Yet McKnight claims that Deborah ‘subordinated men’ and that she was ‘Ms. EveryOne in those days: she was president, pope and Rambo bundled in one female body.’ One could wonder whether he had read the text at all. Her rule is practiced in a manner more akin to that of a vice president in the absence of the president, she has no authoritative liturgical office, and she merely accompanies the army: she does not fight herself.
The Anomaly of Woman Leaders in Scripture
Third, women as authoritative leaders of the people of God in any role is incredibly anomalous in Scripture, and is openly portrayed as such (Deborah is described as ‘a woman, a prophetess, the wife of Lapidoth’, just to make sure that we grasp how surprising it is that a woman is acting as a judge of Israel). We are told of over a dozen judges, but only one of them was a woman. We are told of forty-two kings and queens of Israel and Judah (that number is from memory, so might be worth confirming), and only one of them, Athaliah, was a ruling queen, gaining the throne as the wicked queen consort after the death of her husband King Jehoram. As the only non-descendant of David to sit on the throne of Judah before the exile, and the wicked daughter of Ahab and Jezebel, the sign of a dangerous alliance with the evil Omrides, she could hardly be said to have any sort of divine sanction. All of the other queens (Esther, Jezebel, etc.) are queen consorts or queen mothers. No provision is made for priestesses. There are more women to be found among the prophets, but none among the first order of covenant-founding prophets, such as Moses, Samuel, Elijah, or John the Baptist. Nor are there any women among the prophets who received the highest level of revelation preserved for us in the canon. Of all of the ‘apostles’ of whom we know, only one was a woman, and we can only speculate about what role she played, as she only receives the most passing of mentions. There were no women among the Twelve.
All of which raises the question: who are the ones who are really misrepresenting the biblical emphasis in this matter?
‘Masculine’ Virtues in Leadership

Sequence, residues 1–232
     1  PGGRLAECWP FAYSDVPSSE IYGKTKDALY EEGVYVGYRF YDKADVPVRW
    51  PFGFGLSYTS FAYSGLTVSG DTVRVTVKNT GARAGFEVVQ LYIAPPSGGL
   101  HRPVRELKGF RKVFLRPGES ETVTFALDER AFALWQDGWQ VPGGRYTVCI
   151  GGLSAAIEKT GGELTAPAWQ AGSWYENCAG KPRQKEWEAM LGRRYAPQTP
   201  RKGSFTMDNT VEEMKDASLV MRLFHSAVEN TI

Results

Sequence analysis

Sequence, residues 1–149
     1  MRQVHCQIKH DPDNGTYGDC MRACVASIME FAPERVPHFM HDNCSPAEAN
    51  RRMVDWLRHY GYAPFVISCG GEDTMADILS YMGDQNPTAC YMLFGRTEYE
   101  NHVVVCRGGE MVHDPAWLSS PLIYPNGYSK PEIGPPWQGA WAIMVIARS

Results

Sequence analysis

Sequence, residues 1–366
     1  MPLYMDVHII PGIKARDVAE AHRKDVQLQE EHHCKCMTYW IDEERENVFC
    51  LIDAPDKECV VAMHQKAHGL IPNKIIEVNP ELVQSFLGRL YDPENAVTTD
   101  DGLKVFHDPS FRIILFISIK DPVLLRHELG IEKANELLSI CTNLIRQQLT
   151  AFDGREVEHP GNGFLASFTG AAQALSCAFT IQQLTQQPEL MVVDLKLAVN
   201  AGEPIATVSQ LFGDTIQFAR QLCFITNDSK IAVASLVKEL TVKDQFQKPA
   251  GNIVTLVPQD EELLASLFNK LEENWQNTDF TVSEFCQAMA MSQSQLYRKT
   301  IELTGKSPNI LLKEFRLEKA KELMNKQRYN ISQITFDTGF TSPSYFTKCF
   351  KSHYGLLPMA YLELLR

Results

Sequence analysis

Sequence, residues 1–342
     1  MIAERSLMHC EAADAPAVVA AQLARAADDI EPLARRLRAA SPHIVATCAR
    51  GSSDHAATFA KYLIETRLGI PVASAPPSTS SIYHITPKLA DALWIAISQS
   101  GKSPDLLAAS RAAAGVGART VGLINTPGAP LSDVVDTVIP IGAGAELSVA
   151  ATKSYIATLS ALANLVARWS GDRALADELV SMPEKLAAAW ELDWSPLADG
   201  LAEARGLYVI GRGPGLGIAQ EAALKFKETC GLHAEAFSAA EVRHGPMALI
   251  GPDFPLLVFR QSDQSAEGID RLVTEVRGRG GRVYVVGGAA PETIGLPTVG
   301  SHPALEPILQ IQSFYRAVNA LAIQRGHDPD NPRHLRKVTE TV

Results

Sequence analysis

Finally, certain roles are strongly conditioned by virtues and qualities that are regarded as particularly masculine. The great priestly leaders of the people of God were marked out by their preparedness to employ sacred violence without pity in the service of God’s holiness. The tribe of Levi was already marked out as one of the two violent tribes in Genesis. The Levites were set apart for service after slaying 3,000 of their brethren after the golden calf incident. Phinehas thrust the spear through the Midianite and the Israelite and was given an everlasting priesthood as a result. Samuel was the one who hacked Agag in pieces, when Saul failed to do so. The Israelite army temporarily has a sort of priestly status when called together for holy war, which suggests that the priests were regarded as a sort of standing army.
This pattern continues into the New Testament. Paul, Peter, James, and John all seem to have been men characterized by a sort of avenging zeal, zeal which was broken and harnessed for God’s service. Peter, the one who cut off the High Priest’s servant’s ear, later became the one proclaiming the divine death sentence on Ananias and Sapphira. Paul was the former persecutor of the Church, who called for the ecclesiastical death sentence of excommunication to be applied without pity or pause in the case of continued sexual immorality (note the allusion to the OT death penalty in 1 Corinthians 5:13).
The priest’s business was death. He was the man of knife, fire, cut flesh, and spilt blood. The priests were the crack troops who manned the moral and cultic boundaries of the nation, and were praised for being able to rise above all pity when judgment was necessary. The priest as the elite sword-wielder, who will not show mercy in the defence of truth when all others fail, and will not spare, pity, or compromise when others do, seems to be a pretty consistent theme in relation to priestly leadership in Scripture, yet rather noticeable by its absence in current understandings of pastoral ministry. The capacity to exercise agonistic, uncompromising, and strong leadership from the front, when such leadership is called for, seems to have been peculiarly characteristic of that which was expected of the priests, as the moral guardians of the nation.
Although life is the chief characteristic of the new covenant, death is still present at the threshold. We enter into new life through death, and the judgment of death must be cast on all those that reject the new life in Christ. The pastor, like the angel, is the one charged with keeping the threshold (and the pastor can be referred to as an angel – Revelation 2-3). The pastor is also called to be a specialist in death, even though he is no longer charged with cutting up animals. He has to be able to be a firm and uncompromising wielder of the sword of the Word, executing judgment upon the enemies of God, and preparing the people of God as sacrifices to ascend into God’s presence through the Spirit, cutting them to the heart (note the parallels between Peter cutting 3,000 people to the heart as chief apostle on the Day of Pentecost and the Levites’ slaying of 3,000 of their brethren at Sinai) and dividing joints from marrow.